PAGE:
GO BEYOND THE BASICS
Students who want to be successful media creators need a toolkit that includes strategies and techniques that go beyond the basics of the craft. Beginning with teaching students how to gather information and convey it concisely, the process can progress to other areas.
When students are dealing with contentious issues, it is especially important for them to find multiple credible resources. “You can’t just go with the first source you come across,” Whalen explains to his students. “Are you on the lookout for bias?” Finding a variety of viewpoints on a given situation?” As part of their education, his students are taught to be media critics, who call out professional news organisations when they only report one side of a storey.
Northampton students were able to produce a special report about an incident in a nearby community that involved a fight between two students who exchanged racial slurs. The students’ reporting skills were excellent. “Students’ reporting went deeper than other media sources,” Whalen explains, “and resulted in better understanding than a 15-second sound bite from a news broadcast.” Another incident involved a Latinx student who was expelled from school. Reports spread that he had been punished for donning gang colours while on duty. Student reporters conducted an in-home interview with the student, obtained an interview with the principal on the record, and covered a town hall meeting on racial profiling. “They assisted in defusing tensions that had arisen as a result of misinformation,” says Whalen, “and they ensured that all voices were heard.”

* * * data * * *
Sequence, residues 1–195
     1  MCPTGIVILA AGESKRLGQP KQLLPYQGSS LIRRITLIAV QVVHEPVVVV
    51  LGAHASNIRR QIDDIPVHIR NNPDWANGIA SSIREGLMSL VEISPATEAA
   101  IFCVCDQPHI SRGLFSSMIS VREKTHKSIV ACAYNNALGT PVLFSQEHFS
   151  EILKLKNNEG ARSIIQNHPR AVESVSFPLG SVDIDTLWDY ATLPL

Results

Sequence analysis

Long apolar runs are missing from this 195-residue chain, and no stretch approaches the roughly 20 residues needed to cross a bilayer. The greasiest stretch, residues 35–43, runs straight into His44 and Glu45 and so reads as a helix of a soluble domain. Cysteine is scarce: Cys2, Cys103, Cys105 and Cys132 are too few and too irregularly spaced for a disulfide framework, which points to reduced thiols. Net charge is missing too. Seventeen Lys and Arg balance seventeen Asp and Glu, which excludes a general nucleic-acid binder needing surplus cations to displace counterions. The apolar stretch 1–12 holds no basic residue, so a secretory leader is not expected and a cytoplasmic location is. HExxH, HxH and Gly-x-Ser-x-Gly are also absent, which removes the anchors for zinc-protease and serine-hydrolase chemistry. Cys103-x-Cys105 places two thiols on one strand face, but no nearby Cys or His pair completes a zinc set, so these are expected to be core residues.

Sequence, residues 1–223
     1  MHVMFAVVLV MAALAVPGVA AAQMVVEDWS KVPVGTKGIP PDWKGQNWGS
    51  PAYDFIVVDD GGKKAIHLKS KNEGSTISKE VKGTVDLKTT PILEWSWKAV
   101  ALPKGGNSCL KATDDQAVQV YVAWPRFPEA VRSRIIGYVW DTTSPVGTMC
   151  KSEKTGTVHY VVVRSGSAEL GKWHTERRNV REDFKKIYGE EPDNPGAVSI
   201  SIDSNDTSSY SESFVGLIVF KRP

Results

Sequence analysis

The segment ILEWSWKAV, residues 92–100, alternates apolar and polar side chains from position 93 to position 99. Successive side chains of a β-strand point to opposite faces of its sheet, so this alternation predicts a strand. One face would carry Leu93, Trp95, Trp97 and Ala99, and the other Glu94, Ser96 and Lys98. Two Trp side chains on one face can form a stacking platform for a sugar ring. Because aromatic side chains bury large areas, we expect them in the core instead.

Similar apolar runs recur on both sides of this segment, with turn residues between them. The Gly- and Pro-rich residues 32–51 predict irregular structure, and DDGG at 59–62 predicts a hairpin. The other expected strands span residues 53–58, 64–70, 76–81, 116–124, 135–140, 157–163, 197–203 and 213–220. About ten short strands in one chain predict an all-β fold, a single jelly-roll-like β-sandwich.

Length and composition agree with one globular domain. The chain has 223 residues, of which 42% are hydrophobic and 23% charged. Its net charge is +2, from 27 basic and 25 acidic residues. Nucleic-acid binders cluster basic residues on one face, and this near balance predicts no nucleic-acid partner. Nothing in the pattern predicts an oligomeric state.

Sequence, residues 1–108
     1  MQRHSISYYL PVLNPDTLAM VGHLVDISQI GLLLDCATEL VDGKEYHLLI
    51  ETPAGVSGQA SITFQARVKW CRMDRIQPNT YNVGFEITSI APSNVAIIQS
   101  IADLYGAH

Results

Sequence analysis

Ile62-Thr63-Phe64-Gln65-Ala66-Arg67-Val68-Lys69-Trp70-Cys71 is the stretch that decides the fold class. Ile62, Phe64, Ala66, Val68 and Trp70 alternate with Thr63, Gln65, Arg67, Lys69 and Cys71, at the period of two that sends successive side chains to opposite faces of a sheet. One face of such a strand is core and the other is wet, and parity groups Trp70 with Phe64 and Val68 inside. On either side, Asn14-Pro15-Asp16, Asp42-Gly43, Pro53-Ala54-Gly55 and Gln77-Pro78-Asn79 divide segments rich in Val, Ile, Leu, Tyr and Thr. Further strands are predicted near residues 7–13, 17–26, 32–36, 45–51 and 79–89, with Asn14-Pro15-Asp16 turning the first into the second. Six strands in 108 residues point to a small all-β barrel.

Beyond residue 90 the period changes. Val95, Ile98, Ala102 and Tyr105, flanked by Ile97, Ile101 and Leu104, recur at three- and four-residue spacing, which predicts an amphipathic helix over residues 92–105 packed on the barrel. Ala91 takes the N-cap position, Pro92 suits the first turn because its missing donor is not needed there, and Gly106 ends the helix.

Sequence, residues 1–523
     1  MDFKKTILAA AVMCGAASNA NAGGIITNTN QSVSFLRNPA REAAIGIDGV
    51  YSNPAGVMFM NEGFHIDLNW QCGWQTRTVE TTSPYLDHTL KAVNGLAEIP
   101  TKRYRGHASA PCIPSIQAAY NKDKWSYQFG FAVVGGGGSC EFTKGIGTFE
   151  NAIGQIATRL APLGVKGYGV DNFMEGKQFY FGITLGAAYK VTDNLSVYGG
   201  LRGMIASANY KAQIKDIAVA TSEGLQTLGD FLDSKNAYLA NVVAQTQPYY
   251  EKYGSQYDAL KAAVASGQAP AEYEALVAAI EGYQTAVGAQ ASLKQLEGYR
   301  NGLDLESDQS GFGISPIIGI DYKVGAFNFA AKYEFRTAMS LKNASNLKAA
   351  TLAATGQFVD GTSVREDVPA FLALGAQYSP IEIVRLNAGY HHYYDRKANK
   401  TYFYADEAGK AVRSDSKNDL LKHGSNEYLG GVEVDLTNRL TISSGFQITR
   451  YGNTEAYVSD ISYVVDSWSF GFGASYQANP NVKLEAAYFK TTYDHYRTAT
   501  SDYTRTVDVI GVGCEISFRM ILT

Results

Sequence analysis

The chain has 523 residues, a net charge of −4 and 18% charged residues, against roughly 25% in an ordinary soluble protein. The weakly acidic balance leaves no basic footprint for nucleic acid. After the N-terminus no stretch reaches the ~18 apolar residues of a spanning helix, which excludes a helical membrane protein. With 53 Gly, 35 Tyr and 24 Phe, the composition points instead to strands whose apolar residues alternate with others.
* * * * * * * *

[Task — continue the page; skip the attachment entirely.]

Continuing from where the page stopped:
Students who remain in journalism programmes for several semesters gain the confidence to take on challenging assignments. Students were given recording equipment and challenged to create video blogs, also known as vlogs, about their quarantine experience when the school abruptly switched to remote learning in the spring. “They already had a sense of what was going on. They were aware of their target audience. According to him, they were “prepared for this,” and as a result, they produced a first draught of history written in the voices of young people.
LET STUDENTS LEAD
Students who enrol in journalism programmes will naturally be given opportunities to advance into leadership positions.
Whalen gradually relinquishes control of the course to the students. They run staff meetings, assign storey assignments, and edit each other’s work in a collaborative environment. It was a student-led decision to continue publishing in the spring semester, when school was taking place entirely online. “They believe they have a responsibility to spread the word,” he says, “and to do so effectively.”
Spring term is traditionally the time of year when new editors begin their duties at Palo Alto High School. Kandell approached the new Verde magazine staff and asked if they were interested in putting out a print publication despite the difficulties of working remotely. They didn’t waste any time. Early in June, a 48-page edition of Verde was delivered to each and every student’s door.
‘As teachers, we are always talking about meeting students where they are,’ Kandell reflects on the subject. “There has never been a time when that was more important than right now. It will be in doing projects that allow students to express themselves that the magic will occur.